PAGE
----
Understanding Tire Pressure Monitoring Systems

by Don Elliott on August 24, 2011

Auto tires are an integral part of your car’s safety and operating system. Each year over 40,000 car accidents are directly attributed to under inflated tires. Under inflated tires cause tread separation and tire failure. The U. S. Department of Transportation (DOT) National Highway Traffic Safety Administration (NHTSA) mandated the installation of tire pressure monitoring systems (TPMS) on all light duty vehicles, beginning with the 2008 model year.

Tires take a beating as the contact point between your car and the road. Tires are made of steel, fabric, and rubber. The materials are layered together to perform at a specific tire pressure. When tire pressure drops too low, the bond between the various layers is weakened. This causes the tire to fail and affects the stability of the vehicle. Drivers could potentially lose control of the vehicle.

How does a tire pressure monitoring system work? There are two types of tire pressure monitoring systems, direct and indirect. Both systems operate on the idea that the vehicle dashboard’s electronic warning system will notify the driver  A symbol, like this one, will appear when the tire is underinflated by as much as 25%. If you don’t recognize this as an underinflated tire, you are not alone. Schrader, a tire pressure monitoring system manufacturer, found 46% of people surveyed did not recognize this as a tire pressure warning.

Direct TPMS

Tire pressure monitoring sensors are installed in each tire to notify the driver of low tire pressure. The sensors use battery-powered radio frequency communication with the vehicles on-board computer system. Direct sensors come in two types. Internal sensors are mounted inside the tire. External sensors are mounted on the valve stem systems. Direct tire pressure monitoring systems are generally considered more reliable. They can warn the driver which specific tire is under-inflated.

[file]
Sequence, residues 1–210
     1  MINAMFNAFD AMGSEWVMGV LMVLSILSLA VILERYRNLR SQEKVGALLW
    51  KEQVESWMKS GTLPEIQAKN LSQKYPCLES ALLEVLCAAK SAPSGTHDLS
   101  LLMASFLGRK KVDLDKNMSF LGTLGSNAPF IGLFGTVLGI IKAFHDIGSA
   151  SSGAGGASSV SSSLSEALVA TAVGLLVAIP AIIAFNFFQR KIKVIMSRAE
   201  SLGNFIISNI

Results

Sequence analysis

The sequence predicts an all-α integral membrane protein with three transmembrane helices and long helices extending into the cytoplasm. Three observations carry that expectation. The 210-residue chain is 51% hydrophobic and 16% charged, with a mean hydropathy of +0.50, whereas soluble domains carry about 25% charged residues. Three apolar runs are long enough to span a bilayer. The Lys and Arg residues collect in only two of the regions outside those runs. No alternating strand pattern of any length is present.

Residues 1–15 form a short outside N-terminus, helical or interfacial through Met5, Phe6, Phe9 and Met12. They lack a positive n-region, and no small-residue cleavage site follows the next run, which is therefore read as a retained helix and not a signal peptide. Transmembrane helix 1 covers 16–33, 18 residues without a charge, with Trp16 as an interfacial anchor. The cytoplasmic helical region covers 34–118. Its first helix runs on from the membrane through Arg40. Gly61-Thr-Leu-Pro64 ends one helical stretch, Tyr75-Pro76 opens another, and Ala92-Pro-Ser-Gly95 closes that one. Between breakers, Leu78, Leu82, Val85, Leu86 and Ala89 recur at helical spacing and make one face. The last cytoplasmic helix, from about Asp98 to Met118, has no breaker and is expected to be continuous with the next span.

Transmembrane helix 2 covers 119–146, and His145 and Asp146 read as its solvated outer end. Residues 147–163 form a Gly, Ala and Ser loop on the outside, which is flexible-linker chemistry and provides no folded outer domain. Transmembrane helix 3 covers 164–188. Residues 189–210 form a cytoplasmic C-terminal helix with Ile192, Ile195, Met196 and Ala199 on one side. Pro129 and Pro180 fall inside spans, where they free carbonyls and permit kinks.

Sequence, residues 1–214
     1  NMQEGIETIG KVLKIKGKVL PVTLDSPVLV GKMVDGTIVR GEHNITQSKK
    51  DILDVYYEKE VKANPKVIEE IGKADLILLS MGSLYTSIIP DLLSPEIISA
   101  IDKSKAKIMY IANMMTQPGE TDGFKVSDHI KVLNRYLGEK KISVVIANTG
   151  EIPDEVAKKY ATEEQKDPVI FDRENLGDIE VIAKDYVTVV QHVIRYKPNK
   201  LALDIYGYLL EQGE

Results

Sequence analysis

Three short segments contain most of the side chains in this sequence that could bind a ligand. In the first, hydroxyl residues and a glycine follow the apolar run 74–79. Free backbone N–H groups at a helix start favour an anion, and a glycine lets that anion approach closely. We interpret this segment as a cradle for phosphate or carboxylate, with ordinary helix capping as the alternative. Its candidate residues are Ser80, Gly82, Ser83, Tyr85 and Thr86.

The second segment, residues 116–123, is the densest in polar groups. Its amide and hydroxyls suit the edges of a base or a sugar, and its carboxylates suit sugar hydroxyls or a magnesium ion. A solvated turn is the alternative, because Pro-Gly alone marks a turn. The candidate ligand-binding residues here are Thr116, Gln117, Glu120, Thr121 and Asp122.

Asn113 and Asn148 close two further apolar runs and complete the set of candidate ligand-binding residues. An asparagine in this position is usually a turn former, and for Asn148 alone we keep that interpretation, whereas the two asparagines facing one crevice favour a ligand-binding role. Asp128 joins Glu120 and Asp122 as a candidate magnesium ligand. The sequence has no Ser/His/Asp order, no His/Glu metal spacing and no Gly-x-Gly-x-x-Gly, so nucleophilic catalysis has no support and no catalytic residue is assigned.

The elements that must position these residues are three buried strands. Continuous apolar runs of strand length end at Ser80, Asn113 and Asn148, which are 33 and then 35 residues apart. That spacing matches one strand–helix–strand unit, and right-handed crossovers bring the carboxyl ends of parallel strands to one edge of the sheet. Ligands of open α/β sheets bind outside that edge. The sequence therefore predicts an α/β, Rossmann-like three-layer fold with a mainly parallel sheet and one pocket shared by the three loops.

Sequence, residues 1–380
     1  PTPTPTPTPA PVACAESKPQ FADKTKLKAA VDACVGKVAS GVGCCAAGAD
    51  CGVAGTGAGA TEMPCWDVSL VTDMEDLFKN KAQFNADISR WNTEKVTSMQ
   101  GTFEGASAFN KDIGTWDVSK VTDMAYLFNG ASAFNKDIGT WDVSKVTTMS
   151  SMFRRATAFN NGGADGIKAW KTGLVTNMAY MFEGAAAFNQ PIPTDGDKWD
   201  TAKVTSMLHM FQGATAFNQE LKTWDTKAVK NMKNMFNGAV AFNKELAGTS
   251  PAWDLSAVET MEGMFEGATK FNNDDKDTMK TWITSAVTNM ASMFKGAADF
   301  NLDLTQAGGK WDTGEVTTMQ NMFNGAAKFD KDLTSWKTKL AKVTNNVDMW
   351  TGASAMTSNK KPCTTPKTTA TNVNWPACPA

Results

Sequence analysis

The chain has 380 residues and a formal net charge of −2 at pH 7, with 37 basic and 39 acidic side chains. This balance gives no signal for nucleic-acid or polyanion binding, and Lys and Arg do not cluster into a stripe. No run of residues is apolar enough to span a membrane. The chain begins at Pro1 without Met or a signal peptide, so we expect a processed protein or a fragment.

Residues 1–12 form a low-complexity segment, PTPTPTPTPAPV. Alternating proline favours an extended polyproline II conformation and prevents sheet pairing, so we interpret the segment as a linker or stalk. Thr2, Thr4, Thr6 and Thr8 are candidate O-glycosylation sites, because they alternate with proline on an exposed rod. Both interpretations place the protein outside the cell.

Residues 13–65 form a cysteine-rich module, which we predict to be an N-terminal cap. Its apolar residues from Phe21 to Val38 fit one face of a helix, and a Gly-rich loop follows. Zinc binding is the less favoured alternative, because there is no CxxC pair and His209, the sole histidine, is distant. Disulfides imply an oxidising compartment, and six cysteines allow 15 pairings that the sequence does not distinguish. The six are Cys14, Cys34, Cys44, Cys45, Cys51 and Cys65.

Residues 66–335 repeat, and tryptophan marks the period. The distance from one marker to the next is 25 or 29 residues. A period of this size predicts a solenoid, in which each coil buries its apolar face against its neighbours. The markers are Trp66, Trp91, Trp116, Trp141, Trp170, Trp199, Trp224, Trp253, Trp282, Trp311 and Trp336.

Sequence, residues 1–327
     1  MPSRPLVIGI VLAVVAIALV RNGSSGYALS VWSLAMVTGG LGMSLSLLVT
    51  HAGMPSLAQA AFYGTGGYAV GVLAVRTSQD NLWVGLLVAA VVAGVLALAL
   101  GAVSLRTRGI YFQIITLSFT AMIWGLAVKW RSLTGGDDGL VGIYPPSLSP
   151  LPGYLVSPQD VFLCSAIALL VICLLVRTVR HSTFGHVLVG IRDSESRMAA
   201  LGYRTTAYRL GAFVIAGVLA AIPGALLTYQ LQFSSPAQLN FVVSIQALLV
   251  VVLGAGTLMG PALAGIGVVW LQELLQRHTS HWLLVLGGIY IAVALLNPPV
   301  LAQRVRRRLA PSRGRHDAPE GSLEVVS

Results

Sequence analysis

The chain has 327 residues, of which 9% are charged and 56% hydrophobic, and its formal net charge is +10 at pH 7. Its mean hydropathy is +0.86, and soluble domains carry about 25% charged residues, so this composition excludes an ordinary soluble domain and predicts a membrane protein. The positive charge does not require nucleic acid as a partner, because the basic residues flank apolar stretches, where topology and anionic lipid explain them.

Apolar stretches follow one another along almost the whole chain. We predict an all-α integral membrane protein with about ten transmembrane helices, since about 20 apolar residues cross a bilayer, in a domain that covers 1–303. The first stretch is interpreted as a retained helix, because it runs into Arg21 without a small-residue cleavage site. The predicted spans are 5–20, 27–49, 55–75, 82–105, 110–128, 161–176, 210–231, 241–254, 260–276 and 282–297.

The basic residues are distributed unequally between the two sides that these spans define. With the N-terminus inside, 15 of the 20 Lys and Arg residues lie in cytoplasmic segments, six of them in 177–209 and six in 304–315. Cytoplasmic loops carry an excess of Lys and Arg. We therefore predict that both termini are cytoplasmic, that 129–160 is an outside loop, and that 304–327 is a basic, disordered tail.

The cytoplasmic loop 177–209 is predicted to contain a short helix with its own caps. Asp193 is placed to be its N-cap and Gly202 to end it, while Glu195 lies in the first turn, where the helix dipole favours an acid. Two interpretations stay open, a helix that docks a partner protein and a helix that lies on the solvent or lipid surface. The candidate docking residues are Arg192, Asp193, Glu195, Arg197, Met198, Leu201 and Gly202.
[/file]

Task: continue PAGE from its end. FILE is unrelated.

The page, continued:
Indirect TPMS

Indirect tire sensors are installed inside the tire as a band on the wheel. The sensors use the vehicle’s anti-lock braking system to compare the rotational speed of each wheel. A tire that is low on pressure will roll at a slightly different rotational speed than a fully inflated tire. The wheel sensors notify the car’s computer when one or more wheels are rotating at a different speed. Unfortunately, indirect sensors cannot detect which wheel is low. It also won’t report if all four tires are equally low on air pressure.

Tire pressure monitoring systems have proven to be a bit of a nightmare for auto repair shops and tire stores. There are few standards for OEM and aftermarket TPMS products. In addition, there have been a number of false reports of low tire pressure. This may cause some drivers to disregard TPMS warning lights. Automotive repair and tire change technicians need to take care when changing or replacing tires with monitoring systems. Tire sensors are easily damaged and costly to replace. Finally, some TPMS warning lights require a trip to the franchise dealership to have the warning light turned off, for an extra fee, of course.

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